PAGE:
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MB Foster takes over for HP ODBC labs

First of two parts

In a world where HP maintains its earnings growth through cost cutting, the HP 3000 group continues to recede its operations. On January 1 several HP 3000 subsystems and database tools fell from HP's support and sales lists. While Java/iX officially went into the "unsupported" category, the ODBCLink SE software — created by MB Foster in 1994 and bundled and maintained as part of the 3000's Fundamental Operating System since 1995 — won't be bundled with new license purchases of IMAGE/SQL or Allbase/SQL.

HP is stepping away from the 3000 in small increments, steps that give third parties a chance to take on business the vendor has always taken for itself. The ODBC link between Windows clients and the IMAGE database became a third party tool long ago, in the days when the 3000's IMAGE database  grew up enough to join the rest of the world's desktop-linked databases.

MB Foster took the contract and relationship  with the HP database labs to provide a  fundamental version of its ODBCLink product. The SE version always lacked the full feature list of ODBCLink, a product that has grown up so much MB Foster calls it MBF-UDALink today (the letters standing for Universal Data Access). But many 3000 sites got along with the bundled ODBCLink SE and took their support calls to HP. The vendor sent the questions it could not answer to MB Foster's lab, then reported back the answers. At times, MB Foster communicated directly with 3000 sites which had no MBF product except the SE version of ODBC link.

Why is this important to a marketplace which, quite frankly, won't see many new copies of IMAGE/SQL or Allbase/SQL shipped? MB Foster will try to ride the nudge the HP unbundling will offer, selling a complete version of UDALink to the ODBC SE sites. HP is providing basic phone support for the SE version of the software. But the writing is on the wall: It's time this third party take over a mission-critical part of the 3000's database toolbelt.

MB Foster CEO Birket Foster pointed out the benefits of using UDALink versus the bundled ODBCLink SE, including access to KSAM files and use of PowerHouse dictionaries.  More important is to get onto a product with a future, including functionality on non-3000 environments.

"People can move to something that will give them a supported product, one where we just did a release in May of 2006," Foster said. "We're continuing to grow the product and make it work in the real world."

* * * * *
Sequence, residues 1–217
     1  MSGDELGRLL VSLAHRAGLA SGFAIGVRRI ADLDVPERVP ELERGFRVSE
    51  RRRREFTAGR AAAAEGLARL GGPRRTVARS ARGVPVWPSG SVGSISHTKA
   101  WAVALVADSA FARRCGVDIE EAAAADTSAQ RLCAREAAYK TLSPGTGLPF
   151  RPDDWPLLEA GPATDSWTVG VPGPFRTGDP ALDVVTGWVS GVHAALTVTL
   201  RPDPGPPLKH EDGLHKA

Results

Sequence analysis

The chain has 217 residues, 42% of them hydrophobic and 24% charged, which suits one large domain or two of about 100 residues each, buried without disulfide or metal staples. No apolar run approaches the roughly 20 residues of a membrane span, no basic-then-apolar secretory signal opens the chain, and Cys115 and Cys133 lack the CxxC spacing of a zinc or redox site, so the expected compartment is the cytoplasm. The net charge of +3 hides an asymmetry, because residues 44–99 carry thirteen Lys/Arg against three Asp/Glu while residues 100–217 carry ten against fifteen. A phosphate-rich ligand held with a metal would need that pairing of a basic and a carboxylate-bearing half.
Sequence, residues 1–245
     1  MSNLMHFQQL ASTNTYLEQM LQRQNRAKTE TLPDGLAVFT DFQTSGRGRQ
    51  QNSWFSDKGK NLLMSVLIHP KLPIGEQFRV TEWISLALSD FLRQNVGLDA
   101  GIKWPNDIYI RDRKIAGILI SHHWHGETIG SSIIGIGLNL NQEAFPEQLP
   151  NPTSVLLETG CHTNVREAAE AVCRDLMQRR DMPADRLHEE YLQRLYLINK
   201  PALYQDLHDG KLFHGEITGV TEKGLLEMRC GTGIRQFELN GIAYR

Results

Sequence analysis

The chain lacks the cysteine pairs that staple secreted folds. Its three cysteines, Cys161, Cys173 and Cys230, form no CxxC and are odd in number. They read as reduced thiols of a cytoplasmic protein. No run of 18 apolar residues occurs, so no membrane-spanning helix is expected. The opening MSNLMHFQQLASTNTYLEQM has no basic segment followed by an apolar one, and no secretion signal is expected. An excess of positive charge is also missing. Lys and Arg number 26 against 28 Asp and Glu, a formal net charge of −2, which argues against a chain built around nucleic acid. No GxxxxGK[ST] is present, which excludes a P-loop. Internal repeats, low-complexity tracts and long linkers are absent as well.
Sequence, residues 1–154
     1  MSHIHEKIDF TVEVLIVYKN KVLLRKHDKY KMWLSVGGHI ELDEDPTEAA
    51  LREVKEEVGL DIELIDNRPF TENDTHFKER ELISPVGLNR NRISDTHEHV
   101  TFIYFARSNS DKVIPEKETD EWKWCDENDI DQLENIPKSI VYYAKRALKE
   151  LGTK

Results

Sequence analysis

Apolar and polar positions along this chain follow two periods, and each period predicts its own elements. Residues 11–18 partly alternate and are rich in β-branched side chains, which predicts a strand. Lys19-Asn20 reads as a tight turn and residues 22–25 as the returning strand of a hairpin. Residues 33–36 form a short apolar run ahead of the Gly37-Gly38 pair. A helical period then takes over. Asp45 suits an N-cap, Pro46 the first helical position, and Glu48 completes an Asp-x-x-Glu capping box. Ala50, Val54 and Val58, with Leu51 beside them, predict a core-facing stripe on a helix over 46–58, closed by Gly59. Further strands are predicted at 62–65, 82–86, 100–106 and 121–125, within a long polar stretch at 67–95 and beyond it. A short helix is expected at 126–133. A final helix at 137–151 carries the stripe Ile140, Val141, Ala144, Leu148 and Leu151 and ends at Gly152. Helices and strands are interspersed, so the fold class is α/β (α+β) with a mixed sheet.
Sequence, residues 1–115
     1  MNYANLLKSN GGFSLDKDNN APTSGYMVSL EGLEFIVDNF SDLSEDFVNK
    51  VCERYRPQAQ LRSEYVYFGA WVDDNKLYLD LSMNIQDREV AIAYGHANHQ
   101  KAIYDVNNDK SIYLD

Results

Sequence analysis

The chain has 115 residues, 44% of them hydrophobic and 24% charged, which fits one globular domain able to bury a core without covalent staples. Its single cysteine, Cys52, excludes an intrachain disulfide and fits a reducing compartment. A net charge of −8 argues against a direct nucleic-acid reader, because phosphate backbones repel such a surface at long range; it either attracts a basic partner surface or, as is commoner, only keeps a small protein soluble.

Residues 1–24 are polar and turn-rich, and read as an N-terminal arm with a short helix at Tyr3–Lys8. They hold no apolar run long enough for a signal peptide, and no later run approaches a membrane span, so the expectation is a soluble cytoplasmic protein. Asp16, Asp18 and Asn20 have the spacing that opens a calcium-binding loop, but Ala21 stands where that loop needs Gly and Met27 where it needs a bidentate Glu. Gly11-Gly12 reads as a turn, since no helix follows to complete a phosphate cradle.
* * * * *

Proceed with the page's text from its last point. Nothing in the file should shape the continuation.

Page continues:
These days the real world is about to include Microsoft's Vista on the desktop, as well as Windows XP software whose underlying ODBC engines (called the JetEngine inside Microsoft-savvy labs) has been through three generations already. Access to Windows apps is no small matter with such churn in Microsoft's designs.

What's more, the MB Foster UDALink works on HP-UX and Linux hosts, so if a transition plan calls for a move to those environments an IT staff has one less thing to learn.
Capturing this business from HP's bundle involves a low-cost upgrade for the 3000 site that relies on ODBCLink. MB Foster's program will allow these customers to upgrade to UDALink  for a $500 charge plus the cost of the annual License-to-Use fee.

Customers who use UDALink on their HP 3000s can get a special license transfer onto the HP-UX version of the product — which like the MPE/iX version, supports Oracle, Eloquence and DB2 databases.  Customers can run the two versions in parallel, Foster said, for as long as they want to, a benefit to the migrating customer looking for thorough testing of database access.

UDALink also provides up-to-date JDBC access, something HP bundled as well — but obviously won't be getting much attention since HP's dropping 3000 Java/iX support.

The opportunity to move customers to the full database connectivity tool has been there for MB Foster for many years. HP's exit from this market, though, gives the customers a good reason for making a move that will prepare them for a future without HP support, or without an HP 3000.

That scenario will repeat itself over and over during 2007, a period that looks like a crossover year for a significant portion of the 3000 community. We'll look closer at those prospects tomorrow, to shed some light on what kind of vendor will be there to help a 3000 site make its transition.